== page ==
Mercy Pakela’s lockdown woes: ‘I received R500 for my royalties’

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Mercy Pakela (PHOTO: DRUM)
Mercy Pakela (PHOTO: DRUM)

Many South Africans are doing their parts during the Covid-19 pandemic by staying at home to try to flatten the curve. But for many, lockdown has been a setback, especially for business owners and artists.

Like many artists, veteran pop singer Mercy Pakela is unsure about her next paycheque. “I know what it’s like to hustle. God blessed me with the gift of hustling,” she says. “Even when I was down and out, living on the streets, I was clean, I ate and I knew where I would get money,” she adds. “But with the lockdown extension, I have no plan.


“I have no idea where I will be getting money.” In March, Mercy received R500 in royalties from Southern African Music Rights Organisation (Samro). “I don’t know why it’s R500, I don’t even know for which song. I just saw a notification of R500. And I used it long ago to buy food and toiletries,” she says. “I won’t go into the politics of royalties, but as artists, we are in a mess because we can’t even hustle for small gigs during this time. My music has been played at radio stations, but I will further investigate after lockdown why I received R500.”


Mercy says she mainly lives on handouts from friends and family. “My partner had enough money for us to buy groceries and that’s it. I have my niece and her child living with us that I have to take care of, but lockdown is forbidding me from hustling,” she says.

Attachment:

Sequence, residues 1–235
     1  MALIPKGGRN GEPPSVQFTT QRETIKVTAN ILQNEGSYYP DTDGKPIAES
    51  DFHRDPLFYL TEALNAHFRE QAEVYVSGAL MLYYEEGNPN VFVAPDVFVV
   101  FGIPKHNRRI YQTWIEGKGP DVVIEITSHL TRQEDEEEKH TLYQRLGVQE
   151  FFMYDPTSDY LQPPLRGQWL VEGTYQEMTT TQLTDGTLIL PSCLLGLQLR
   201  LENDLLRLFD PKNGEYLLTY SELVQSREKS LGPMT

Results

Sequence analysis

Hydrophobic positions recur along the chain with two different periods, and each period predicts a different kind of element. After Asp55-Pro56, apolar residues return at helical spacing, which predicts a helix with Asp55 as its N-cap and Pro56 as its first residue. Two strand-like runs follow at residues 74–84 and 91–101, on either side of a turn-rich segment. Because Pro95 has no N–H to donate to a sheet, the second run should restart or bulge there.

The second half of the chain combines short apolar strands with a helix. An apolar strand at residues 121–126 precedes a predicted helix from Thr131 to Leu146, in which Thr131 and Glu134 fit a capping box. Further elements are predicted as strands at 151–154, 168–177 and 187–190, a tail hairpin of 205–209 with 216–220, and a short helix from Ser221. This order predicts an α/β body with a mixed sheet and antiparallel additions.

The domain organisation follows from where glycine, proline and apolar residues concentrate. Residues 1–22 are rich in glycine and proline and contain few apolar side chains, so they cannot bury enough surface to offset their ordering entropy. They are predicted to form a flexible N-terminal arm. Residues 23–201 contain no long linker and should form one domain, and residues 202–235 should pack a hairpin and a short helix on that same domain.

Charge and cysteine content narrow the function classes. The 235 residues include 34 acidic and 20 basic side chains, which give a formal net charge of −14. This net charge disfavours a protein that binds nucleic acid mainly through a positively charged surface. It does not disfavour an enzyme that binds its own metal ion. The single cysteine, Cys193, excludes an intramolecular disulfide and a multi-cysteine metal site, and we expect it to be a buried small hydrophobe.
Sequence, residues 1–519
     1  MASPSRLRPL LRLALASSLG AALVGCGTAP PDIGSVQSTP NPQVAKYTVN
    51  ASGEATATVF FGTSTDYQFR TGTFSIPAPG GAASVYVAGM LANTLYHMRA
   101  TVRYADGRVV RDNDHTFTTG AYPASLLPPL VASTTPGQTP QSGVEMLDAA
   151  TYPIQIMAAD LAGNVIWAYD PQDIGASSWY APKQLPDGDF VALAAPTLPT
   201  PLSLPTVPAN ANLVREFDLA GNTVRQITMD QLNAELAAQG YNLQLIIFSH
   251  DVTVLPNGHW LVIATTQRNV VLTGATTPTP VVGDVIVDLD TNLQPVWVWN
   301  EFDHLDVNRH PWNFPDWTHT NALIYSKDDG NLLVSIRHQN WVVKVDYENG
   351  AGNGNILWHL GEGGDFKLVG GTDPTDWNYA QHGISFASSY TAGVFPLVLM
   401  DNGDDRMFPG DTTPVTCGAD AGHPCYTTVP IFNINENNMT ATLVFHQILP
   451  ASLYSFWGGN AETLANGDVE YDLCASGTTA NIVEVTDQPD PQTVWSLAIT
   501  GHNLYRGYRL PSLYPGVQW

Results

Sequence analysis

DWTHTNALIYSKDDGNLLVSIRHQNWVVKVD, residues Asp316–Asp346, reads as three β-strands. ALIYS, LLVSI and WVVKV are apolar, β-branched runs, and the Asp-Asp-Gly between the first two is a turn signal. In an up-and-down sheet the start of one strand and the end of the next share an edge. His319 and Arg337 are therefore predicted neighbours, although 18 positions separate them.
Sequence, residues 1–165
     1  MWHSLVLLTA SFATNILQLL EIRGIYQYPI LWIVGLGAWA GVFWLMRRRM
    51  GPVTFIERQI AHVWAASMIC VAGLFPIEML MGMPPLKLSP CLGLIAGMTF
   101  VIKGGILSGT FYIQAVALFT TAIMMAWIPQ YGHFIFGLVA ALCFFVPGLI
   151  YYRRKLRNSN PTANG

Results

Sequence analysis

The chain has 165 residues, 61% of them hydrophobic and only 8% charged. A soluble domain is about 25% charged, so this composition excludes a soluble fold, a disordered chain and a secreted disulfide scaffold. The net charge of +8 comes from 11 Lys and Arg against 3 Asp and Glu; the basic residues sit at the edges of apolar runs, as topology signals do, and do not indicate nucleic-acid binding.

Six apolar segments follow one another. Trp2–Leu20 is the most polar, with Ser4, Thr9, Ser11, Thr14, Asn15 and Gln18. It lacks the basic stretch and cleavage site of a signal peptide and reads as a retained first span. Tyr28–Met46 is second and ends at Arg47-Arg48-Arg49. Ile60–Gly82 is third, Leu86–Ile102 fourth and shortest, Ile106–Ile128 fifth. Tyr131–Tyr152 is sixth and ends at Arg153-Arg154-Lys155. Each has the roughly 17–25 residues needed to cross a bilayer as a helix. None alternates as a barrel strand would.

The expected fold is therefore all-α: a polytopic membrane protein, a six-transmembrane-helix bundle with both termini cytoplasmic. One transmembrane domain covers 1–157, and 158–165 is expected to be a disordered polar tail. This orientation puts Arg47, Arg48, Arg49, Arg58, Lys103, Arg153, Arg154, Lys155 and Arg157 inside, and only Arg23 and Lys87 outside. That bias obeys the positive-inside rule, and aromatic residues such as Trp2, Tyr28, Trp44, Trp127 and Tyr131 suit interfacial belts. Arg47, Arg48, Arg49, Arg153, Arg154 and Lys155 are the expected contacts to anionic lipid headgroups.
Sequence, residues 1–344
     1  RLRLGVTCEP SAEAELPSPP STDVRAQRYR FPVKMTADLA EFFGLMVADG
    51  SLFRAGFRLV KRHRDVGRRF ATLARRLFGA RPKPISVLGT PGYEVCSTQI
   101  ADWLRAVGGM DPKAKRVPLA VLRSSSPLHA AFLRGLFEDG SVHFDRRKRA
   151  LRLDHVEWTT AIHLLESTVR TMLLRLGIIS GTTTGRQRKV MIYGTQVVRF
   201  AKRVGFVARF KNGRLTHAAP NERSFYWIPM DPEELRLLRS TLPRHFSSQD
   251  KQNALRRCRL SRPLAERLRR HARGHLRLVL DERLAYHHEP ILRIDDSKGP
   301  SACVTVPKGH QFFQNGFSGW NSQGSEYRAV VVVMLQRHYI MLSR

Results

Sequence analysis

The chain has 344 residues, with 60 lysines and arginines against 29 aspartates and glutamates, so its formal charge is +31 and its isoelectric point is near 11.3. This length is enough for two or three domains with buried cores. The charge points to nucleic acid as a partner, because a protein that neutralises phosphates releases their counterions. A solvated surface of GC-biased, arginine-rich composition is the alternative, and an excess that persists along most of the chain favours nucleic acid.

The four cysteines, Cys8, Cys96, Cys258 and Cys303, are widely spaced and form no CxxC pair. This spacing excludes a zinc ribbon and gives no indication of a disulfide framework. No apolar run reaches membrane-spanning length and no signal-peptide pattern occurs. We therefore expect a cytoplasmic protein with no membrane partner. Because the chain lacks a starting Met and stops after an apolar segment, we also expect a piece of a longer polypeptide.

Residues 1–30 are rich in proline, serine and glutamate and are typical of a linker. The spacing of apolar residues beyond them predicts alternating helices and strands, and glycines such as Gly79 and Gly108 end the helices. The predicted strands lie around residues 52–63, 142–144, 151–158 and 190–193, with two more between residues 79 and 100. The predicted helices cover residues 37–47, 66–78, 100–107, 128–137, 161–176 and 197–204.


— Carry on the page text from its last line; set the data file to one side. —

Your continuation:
Last month, minister of sports, arts and culture Nathi Mthethwa announced the finalisation of the process to identify beneficiaries of the R150-million relief fund to help assist artists and athletes as a result of the coronavirus pandemic and subsequent international and national lockdown. Mercy says she is in the process of applying to the fund. “The minister promised us money from the relief fund, but we are even struggling to get data to download the many forms,” she says. She feels South African legends have been neglected. “People love us and they support us, but we are financially side-lined as if we contributed nothing to the South African industry,” she says. “It’s really sad to hear that a great artist died a pauper. I don’t want to die broke.” But she isn’t giving up on her dream of teaching young people about the good old pop days.

“I still have a dream of mentoring young people. And it will come true whether there is money or not,” she says. Mercy currently has a single with Uni-Boyz called Don’t You Do. 

“I collaborate with young people and make great music. How I get my next meal will be in God’s hands,” she says.

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